Sunday – January 7, 2018 Gospel of Luke – “The Day Jesus Went AWOL” Luke 2:32-53

Sunday – January 7, 2018 – Read the Word on Worship

Sunday – January 7, 2018 Gospel of Luke – “The Day Jesus Went AWOL” Luke 2:32-53 from Sunrise Community Church on Vimeo.

Problems viewing?


Word On Worship – Sunday – January 7, 2018 Download / Print

Luke 2:49-51
Why were you searching for me?” he asked. “Didn’t you know I had to be in my Father’s house?” But they did not understand what he was saying to them. Then he went down to Nazareth with them and was obedient to them. But his mother treasured all these things in her heart.”

In Luke 2:39-52, we have the only reference in Scripture to the years between Jesus’ birth and the beginning of His ministry when His age was about 30. Some of the apocryphal gospels that circulated in the early centuries of the church contain fanciful and miraculous legends from the childhood of Jesus. He touches some clay birds and they come to life and fly away. He touches a plow that Joseph had botched up and it is instantly made right. Some other legends are more disturbing: The young Jesus curses some bothersome children who immediately wither up or drop dead. After such fanciful tales, the account in Luke of Jesus getting left behind at the temple sounds pretty tame!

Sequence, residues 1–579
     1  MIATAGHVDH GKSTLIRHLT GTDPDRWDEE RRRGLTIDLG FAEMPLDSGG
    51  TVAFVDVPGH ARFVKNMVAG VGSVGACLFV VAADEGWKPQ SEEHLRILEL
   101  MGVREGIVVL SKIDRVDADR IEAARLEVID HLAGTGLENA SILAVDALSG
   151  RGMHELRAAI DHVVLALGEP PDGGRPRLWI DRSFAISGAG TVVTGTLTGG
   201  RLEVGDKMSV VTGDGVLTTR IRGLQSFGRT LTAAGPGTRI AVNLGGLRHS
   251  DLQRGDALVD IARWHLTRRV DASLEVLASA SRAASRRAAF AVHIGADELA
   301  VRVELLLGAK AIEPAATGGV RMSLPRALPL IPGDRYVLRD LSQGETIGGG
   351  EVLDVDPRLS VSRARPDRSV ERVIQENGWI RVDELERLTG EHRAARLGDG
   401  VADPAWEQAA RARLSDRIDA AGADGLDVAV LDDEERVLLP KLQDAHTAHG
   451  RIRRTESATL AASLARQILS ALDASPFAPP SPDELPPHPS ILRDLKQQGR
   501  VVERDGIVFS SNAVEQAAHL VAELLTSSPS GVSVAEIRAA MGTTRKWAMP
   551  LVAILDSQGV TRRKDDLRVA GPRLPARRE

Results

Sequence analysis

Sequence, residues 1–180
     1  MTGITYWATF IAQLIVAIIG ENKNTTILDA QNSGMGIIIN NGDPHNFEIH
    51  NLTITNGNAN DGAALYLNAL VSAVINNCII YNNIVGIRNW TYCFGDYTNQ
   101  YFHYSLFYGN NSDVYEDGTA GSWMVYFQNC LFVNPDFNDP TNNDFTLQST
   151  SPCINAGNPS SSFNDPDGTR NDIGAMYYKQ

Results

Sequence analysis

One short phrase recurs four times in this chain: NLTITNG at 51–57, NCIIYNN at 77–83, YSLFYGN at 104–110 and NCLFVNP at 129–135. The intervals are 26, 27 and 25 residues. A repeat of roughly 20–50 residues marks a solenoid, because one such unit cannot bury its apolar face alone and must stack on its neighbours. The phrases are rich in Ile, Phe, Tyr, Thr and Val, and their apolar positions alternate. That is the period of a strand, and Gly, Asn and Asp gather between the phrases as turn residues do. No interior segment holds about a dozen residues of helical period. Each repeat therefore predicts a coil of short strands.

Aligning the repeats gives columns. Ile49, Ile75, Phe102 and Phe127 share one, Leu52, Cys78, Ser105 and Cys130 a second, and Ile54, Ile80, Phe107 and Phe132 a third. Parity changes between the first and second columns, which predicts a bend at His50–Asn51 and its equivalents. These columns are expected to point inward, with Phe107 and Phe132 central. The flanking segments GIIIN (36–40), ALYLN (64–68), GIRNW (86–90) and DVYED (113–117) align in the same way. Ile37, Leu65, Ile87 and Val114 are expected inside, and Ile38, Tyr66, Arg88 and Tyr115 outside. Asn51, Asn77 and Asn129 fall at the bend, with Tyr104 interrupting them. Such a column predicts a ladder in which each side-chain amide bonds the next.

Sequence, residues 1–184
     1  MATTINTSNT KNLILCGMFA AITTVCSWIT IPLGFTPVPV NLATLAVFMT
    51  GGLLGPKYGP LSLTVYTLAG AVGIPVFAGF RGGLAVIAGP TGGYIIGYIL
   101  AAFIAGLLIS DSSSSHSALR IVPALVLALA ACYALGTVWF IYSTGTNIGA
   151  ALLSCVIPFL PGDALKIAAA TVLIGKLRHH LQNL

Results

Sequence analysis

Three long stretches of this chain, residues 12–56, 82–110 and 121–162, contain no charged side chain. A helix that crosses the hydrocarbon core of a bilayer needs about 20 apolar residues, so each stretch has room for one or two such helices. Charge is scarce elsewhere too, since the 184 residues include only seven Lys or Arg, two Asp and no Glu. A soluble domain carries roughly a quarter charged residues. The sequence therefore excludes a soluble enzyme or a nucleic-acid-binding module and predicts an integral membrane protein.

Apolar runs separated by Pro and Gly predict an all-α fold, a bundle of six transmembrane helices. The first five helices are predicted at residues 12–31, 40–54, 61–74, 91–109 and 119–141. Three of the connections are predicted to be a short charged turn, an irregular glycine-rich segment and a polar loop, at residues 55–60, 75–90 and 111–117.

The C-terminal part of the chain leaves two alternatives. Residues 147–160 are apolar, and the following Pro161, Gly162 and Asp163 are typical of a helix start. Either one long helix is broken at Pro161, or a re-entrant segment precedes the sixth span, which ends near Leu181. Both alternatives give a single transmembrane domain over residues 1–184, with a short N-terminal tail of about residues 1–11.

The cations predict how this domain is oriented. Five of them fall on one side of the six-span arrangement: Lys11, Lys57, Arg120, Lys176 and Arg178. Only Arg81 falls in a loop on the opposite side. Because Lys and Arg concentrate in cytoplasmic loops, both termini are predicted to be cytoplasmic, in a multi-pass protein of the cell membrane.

The Old Testament (Deut. 16:16) prescribed that every Jewish man should appear before the Lord for three feasts each year: Unleavened Bread (Passover), Weeks (Pentecost), and Booths (Tabernacles). By the time of Jesus, it was customary for those some distance from Jerusalem to attend only one feast. Joseph and Mary’s custom was to make the 80-mile journey from Nazareth each year for the Passover. This incident happened when Jesus was 12. It must have been the most exciting time of the year, to leave the small town and go to the capital for this celebration that drew thousands of worshipers.

If you have ever had a child get lost, you can identify with the panic that gripped these conscientious parents. You always think worst case scenario — such as Jesus was kidnapped and we’ll never see Him again. Joseph and Mary had a lot more time, three days in fact, to think the worst. Given the amount of time, one can appreciate Mary’s emotional words, “Son, why have you treated us this way? Behold, your father and I have been anxiously looking for you.” Jesus responded, “Why is it that you were looking for Me? Did you not know that I had to be in My Father’s house?